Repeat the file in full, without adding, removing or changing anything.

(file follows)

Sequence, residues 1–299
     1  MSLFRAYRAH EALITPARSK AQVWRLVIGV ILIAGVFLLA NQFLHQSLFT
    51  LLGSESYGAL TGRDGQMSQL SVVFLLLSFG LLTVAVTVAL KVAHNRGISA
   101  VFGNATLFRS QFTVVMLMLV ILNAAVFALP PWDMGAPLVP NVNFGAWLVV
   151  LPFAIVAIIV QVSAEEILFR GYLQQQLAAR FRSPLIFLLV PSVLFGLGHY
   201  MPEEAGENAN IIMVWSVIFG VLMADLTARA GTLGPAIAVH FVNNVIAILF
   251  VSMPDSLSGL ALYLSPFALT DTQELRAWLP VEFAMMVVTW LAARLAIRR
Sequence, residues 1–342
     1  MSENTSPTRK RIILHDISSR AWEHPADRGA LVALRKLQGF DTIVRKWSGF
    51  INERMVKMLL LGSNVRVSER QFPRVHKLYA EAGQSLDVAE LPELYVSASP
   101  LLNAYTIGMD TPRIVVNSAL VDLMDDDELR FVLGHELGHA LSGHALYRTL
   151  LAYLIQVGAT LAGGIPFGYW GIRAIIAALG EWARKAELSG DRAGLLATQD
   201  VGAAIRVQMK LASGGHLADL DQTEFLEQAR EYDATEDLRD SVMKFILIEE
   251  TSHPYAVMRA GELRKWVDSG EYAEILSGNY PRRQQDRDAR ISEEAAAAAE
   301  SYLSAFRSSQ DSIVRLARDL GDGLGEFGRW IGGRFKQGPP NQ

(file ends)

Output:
Sequence, residues 1–299
     1  MSLFRAYRAH EALITPARSK AQVWRLVIGV ILIAGVFLLA NQFLHQSLFT
    51  LLGSESYGAL TGRDGQMSQL SVVFLLLSFG LLTVAVTVAL KVAHNRGISA
   101  VFGNATLFRS QFTVVMLMLV ILNAAVFALP PWDMGAPLVP NVNFGAWLVV
   151  LPFAIVAIIV QVSAEEILFR GYLQQQLAAR FRSPLIFLLV PSVLFGLGHY
   201  MPEEAGENAN IIMVWSVIFG VLMADLTARA GTLGPAIAVH FVNNVIAILF
   251  VSMPDSLSGL ALYLSPFALT DTQELRAWLP VEFAMMVVTW LAARLAIRR
Sequence, residues 1–342
     1  MSENTSPTRK RIILHDISSR AWEHPADRGA LVALRKLQGF DTIVRKWSGF
    51  INERMVKMLL LGSNVRVSER QFPRVHKLYA EAGQSLDVAE LPELYVSASP
   101  LLNAYTIGMD TPRIVVNSAL VDLMDDDELR FVLGHELGHA LSGHALYRTL
   151  LAYLIQVGAT LAGGIPFGYW GIRAIIAALG EWARKAELSG DRAGLLATQD
   201  VGAAIRVQMK LASGGHLADL DQTEFLEQAR EYDATEDLRD SVMKFILIEE
   251  TSHPYAVMRA GELRKWVDSG EYAEILSGNY PRRQQDRDAR ISEEAAAAAE
   301  SYLSAFRSSQ DSIVRLARDL GDGLGEFGRW IGGRFKQGPP NQ